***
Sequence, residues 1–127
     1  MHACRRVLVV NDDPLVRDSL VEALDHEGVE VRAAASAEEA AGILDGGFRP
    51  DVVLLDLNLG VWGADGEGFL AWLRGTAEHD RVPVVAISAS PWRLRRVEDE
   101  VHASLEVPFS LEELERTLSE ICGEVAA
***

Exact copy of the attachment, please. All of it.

Sequence, residues 1–127
     1  MHACRRVLVV NDDPLVRDSL VEALDHEGVE VRAAASAEEA AGILDGGFRP
    51  DVVLLDLNLG VWGADGEGFL AWLRGTAEHD RVPVVAISAS PWRLRRVEDE
   101  VHASLEVPFS LEELERTLSE ICGEVAA